Does the FTC regulate the so-called document preparation business at all or does it only prohibit states from so-called anti-competitive regulation of the unauthorized practice of law?

Of course there is an anti-competitive element to professional regulation. That is the whole point of licensing, namely, that it is in the public interest to prevent unqualified, untrained or otherwise unfit people from selling certain services to the pubic.  Law, medicine, accounting, nursing, teaching, plumbers, electricians, builders, car repair shops, sellers of liquor and many, many activities require a license and are regulated in order to protect the public interest.

The FTC has begun the process of de-regulating the practice of law in order to promote competition, i.e. lower prices.  Lower prices may appear to be in the interest of the consumer.  But lower quality and total freedom from responsibility – see, for example, LegalZoom’s extensive disclaimer – are not.  It is questionable public policy to permit non-lawyers or lawyers – LegalZoom  claims that it was developed by expert lawyers with experience at the most prestigious firms in the country – to offer what are obviously legal services without any regulation or responsibility.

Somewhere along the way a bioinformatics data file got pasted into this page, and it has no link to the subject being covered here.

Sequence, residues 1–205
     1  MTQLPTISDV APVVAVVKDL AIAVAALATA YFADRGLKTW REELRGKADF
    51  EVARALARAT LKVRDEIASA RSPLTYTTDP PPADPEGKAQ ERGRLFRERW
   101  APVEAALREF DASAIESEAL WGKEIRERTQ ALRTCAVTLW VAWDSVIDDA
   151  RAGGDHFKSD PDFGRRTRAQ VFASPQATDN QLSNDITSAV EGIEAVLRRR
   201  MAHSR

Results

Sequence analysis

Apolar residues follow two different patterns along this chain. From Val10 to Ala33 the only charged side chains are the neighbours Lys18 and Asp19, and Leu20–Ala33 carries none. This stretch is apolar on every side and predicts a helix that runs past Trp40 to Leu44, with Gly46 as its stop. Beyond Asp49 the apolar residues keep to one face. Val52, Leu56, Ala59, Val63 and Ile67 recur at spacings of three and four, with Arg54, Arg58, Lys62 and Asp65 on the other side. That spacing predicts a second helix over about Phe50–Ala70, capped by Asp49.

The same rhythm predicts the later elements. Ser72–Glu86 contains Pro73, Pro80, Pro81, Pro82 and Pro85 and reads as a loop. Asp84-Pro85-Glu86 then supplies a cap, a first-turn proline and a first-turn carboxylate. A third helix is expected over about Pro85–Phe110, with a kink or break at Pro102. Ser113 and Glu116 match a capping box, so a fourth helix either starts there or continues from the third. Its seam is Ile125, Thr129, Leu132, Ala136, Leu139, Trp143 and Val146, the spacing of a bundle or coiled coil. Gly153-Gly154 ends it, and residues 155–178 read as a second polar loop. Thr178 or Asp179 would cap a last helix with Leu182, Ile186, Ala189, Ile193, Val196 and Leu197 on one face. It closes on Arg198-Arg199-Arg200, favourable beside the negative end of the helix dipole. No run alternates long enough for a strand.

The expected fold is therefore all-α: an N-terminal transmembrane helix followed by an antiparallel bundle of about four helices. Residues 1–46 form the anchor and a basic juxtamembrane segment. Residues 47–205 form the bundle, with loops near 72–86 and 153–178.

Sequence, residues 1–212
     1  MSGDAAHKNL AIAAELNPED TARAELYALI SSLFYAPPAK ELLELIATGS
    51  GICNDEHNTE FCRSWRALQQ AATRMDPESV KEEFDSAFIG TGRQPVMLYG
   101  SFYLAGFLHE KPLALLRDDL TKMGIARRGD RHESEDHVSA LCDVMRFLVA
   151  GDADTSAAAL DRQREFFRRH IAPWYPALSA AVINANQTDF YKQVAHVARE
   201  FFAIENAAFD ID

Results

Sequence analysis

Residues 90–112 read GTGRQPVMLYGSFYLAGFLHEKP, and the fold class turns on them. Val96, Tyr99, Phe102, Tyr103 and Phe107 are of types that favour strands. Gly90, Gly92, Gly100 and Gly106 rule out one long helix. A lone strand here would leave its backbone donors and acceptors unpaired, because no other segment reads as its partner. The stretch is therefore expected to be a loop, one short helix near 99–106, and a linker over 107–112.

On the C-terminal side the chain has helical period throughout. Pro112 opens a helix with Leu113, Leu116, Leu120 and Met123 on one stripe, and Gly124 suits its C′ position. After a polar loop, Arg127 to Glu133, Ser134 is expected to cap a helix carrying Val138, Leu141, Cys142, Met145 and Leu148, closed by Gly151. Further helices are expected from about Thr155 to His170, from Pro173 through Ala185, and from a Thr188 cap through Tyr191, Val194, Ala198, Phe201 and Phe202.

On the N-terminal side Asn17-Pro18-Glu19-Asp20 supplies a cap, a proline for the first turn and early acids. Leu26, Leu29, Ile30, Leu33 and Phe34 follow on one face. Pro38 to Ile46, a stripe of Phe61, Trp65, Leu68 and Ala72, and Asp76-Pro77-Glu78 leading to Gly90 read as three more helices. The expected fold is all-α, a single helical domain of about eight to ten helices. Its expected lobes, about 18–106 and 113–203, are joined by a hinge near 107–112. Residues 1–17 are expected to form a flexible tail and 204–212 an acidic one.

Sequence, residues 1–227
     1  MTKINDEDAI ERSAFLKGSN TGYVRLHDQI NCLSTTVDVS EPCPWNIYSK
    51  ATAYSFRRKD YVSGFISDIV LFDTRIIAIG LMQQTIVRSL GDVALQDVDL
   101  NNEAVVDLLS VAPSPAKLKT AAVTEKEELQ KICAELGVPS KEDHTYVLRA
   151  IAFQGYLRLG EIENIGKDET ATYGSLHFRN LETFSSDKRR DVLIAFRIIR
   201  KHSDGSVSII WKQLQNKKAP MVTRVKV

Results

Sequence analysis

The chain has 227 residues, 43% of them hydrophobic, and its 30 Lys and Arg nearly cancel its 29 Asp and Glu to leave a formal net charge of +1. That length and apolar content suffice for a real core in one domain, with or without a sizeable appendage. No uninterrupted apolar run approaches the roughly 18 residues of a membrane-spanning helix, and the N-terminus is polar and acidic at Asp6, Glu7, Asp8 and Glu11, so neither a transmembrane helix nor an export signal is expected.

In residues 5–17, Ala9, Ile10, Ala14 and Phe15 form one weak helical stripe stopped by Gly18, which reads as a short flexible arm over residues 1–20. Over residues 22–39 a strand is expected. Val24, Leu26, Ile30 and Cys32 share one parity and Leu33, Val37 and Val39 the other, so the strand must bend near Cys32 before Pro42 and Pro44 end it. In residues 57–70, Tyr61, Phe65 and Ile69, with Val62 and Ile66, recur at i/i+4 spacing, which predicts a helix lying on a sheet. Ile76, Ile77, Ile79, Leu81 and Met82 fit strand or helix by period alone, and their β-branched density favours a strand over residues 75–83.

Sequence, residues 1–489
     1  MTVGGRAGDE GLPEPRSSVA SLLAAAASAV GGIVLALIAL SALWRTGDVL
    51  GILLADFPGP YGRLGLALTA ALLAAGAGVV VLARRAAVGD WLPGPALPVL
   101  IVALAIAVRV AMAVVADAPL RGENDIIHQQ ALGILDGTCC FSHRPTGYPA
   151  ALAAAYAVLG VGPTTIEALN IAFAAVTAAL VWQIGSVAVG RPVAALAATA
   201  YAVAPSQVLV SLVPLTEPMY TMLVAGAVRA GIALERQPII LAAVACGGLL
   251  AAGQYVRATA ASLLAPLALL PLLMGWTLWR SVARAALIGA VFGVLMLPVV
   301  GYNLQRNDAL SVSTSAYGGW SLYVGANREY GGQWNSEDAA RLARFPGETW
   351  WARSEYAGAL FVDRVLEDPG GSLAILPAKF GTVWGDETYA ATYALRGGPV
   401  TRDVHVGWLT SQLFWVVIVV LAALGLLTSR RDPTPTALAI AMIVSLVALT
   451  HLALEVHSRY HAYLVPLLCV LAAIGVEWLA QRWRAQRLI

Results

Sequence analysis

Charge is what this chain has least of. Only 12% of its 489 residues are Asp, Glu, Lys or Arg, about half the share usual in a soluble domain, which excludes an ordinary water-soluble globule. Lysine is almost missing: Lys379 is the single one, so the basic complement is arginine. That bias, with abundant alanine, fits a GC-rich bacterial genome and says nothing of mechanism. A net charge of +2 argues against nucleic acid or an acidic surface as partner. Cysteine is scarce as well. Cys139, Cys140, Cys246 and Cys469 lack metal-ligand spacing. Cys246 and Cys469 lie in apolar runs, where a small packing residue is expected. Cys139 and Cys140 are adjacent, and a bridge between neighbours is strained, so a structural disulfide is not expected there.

For people attracted by the advertising and price of online legal service providers such as LegalZoom and We The People, two lessons from the current financial crisis might be worth bearing in mind:

1.  If it seems too good to be true, it probably is.

2. Buyer Beware.  (And if you are harmed by a LegalZoom or We The People or some similar anonymous, “inexpensive” provider of legal services, the FTC may not be the best place to lodge a complain).